obamas-chicago-library

The Obama Foundation will “focus on developing the next generation of citizens — and what it means to be a good citizen in the 21st century,” according to obama.org.

The Obama Foundation will try to raise money from the public to build and help maintain the Barack Obama Presidential Center. The Foundation has already raised $7.3 million at the end of 2015. The fundraising total for 2016 hasn’t been disclosed. The Center is expected to cost $1 billion.

“We once held the office of president, as well as its occupant, in high regard,” Anthony Clark wrote in his book, The Last Campaign: How Presidents Rewrite History, Run for Posterity, and Enshrine Their Legacies. “As we have lowered our opinions of both, presidential libraries, consequently, have grown larger and more powerful—and, not incidentally, less truthful.”

Writing in Salon, Clark said presidential centers tend to be “proud, defensive, and a little self-absorbed” that eventually become theme parks with declining numbers of visitors.

With that in mind, it is discouraging to see the number of extravagant presidential centers continue to grow. Do we really need another library and recklessly large foundation funded by influence seekers and built by a legacy-hungry ex-president?

Unfortunately, each successive administration seems to think its library needs to be more grandiose than its predecessor.

The 135,000 sq. ft. John F. Kennedy Presidential Library and Museum, including endowment of an Institute at Harvard for the study of politics and public affairs, cost $20.8 million. Adjusted for inflation, that would be $72.1 million.

The Ronald Reagan Presidential Library and Center for Public Affairs, the largest of all the presidential libraries, cost $60 million. Adjusted for inflation, that would be equivalent to a little more than $130 million now.

Obama’s $1 billion project would be twice what George W. Bush raised for his library and its programs.

It would also be more than the $165 million spent on William J. Clinton’s Presidential Center and Park in Little Rock, Arkansas.

Obama’s massive fundraising effort may well lead to all the same conflicts and questions associated with the Clinton Foundation.

It’s time to stop this arms race of ever-expanding presidential libraries and foundations.

Troubling questions: media donations to the Clinton Foundation

clintonfoundation

While listening to Oregon Public Broadcasting the other day I heard an interviewer mention that Public Radio International (PRI) had given money to the Clinton Foundation.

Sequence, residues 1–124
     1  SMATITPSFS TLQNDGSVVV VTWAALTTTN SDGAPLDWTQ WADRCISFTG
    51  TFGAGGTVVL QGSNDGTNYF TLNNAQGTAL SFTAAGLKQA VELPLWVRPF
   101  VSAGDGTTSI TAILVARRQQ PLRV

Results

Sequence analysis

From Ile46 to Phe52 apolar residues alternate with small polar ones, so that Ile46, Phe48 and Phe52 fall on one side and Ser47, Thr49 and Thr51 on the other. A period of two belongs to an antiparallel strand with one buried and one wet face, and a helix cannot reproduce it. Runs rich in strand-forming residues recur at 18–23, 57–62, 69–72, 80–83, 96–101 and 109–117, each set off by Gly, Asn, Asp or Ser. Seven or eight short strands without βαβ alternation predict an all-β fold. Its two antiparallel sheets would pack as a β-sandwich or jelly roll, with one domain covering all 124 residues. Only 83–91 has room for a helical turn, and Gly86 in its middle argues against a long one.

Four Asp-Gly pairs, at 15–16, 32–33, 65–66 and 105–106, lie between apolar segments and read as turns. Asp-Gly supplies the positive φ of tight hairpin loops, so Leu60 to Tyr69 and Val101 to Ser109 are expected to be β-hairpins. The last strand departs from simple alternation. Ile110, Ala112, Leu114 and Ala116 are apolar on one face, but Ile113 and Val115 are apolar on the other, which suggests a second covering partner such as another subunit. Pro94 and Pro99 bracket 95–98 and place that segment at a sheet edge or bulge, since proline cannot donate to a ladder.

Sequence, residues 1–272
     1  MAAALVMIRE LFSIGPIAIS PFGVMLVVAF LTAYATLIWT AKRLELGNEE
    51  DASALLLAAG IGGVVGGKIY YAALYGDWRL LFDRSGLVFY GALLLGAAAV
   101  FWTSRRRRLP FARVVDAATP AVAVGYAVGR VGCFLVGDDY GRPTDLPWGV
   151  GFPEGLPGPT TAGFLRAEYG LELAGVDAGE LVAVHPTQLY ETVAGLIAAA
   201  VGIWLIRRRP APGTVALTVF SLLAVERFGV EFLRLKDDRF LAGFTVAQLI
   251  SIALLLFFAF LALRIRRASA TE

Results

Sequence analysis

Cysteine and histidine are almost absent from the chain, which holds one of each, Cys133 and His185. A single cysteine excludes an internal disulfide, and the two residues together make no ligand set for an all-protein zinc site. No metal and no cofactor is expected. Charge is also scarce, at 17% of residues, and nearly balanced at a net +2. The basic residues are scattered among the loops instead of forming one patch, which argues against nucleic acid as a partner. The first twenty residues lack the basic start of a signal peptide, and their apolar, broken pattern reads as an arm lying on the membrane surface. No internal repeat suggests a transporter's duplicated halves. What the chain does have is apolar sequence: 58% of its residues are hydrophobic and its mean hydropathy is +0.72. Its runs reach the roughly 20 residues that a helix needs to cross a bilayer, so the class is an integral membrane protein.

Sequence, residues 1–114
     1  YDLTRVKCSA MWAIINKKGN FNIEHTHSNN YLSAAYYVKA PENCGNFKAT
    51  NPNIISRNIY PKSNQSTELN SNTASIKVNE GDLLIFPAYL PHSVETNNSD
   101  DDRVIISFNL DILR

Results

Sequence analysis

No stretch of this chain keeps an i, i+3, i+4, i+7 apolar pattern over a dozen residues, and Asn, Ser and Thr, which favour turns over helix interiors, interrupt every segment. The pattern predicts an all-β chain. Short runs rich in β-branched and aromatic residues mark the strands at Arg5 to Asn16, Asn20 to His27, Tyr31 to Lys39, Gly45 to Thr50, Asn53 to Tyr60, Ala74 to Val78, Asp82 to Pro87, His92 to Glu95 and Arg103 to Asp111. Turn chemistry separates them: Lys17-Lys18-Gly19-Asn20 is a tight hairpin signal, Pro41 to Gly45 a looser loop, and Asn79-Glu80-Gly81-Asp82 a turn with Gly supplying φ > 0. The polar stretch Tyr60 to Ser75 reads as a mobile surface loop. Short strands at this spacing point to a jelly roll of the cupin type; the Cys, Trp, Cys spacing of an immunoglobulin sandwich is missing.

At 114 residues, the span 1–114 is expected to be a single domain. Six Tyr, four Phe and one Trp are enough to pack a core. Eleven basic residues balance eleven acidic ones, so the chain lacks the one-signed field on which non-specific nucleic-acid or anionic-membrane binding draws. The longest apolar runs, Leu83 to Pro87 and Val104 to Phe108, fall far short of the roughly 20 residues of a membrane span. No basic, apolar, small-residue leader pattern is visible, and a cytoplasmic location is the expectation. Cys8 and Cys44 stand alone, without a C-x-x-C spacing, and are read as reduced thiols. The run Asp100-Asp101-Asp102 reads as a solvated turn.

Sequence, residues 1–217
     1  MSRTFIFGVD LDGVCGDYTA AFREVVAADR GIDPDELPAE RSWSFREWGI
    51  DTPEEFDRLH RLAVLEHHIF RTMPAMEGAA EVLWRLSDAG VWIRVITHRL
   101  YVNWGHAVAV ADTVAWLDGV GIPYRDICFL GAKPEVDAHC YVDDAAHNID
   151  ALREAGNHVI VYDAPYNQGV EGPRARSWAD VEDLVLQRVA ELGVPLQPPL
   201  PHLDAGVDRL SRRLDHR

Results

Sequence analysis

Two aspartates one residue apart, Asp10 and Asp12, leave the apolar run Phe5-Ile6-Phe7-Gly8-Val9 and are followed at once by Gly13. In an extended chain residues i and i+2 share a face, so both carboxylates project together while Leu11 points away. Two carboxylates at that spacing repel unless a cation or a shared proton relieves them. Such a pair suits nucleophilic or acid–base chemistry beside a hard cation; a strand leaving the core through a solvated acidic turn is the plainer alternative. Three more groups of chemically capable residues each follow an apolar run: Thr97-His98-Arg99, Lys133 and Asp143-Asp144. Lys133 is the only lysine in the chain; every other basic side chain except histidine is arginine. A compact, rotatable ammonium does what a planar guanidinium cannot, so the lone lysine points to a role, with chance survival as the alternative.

A review of the Clinton Foundation’s records reveals that PRI has, in fact, donated $10,000 – $25,000 to the Foundation. The purpose of the donation is not given.

Talk about bizarre. A major non-profit media organization that relies on donations itself, turns right around and gives some of its limited resources to another non-profit, the Clinton Foundation.

I asked PRI to explain, but they didn’t respond.

In the process of researching the issue, I learned something even more disturbing. PRI is one of dozens of media organizations that have donated to the Clinton Foundation, creating or maintaining questionable symbiotic relationships.

One of the other media donors is Public Broadcasting Service (PBS), a non-profit provider of programs to public television stations that relies on donations itself.

Media, which harp on their commitment to ethical behavior, clearly have a problem here. How can they not see it?

Last week the Clinton Foundation said it won’t accept donations from corporations or foreign entities if Hillary Clinton is elected president. A halt to accepting media donations should be adopted, too.

Other media-related donors to the Clinton Foundation include:

$1,000,000-$5,000,000

 Carlos Slim, Telecom magnate and largest shareholder of The New York Times Company

 James Murdoch, Chief Operating Officer of 21st Century Fox

 Newsman Media, Florida-based conservative media network

 Thomson Reuters, Reuters news service owner

 

$500,000-$1,000,000

 Google

 News Corporation Foundation

 

$250,000-$500,000

 Houghton Mifflin Harcourt, Publisher

 Richard Mellon Scaife, Owner of Pittsburgh Tribune-Review

 

$100,000-$250,000

 Bloomberg Philanthropies

 Howard Stringer, Former CBS, CBS News and Sony executive

 Intermountain West Communications Company, Local television affiliate owner (formerly Sunbelt Communications)

 

$50,000-$100,000

 Bloomberg L.P.

 Discovery Communications Inc.

 Mort Zuckerman, Owner of New York Daily News and U.S. News & World Report

 Time Warner Inc., Owner of CNN parent company Turner Broadcasting

George Stephanopoulos, Communications director and senior adviser for policy and strategy to President Clinton

 

$25,000-$50,000

 AOL

 HBO

 Hollywood Foreign Press Association

 Viacom

 

$10,000-$25,000

 Knight Foundation

Turner Broadcasting, Parent company of CNN

 Twitter

 

$5,000-$10,000

 Comcast, Parent company of NBCUniversal

 NBC Universal, Parent company of NBC News, MSNBC and CNBC

 Public Broadcasting Service

 

$1,000-$5,000

 Robert Allbritton, Owner of POLITICO

 

$250-$1,000

 AOL Huffington Post Media Group

 Hearst Corporation

 Judy Woodruff, PBS Newshour co-anchor and managing editor

 The Washington Post Company

 

Give the Laureate money back, Bill (Clinton)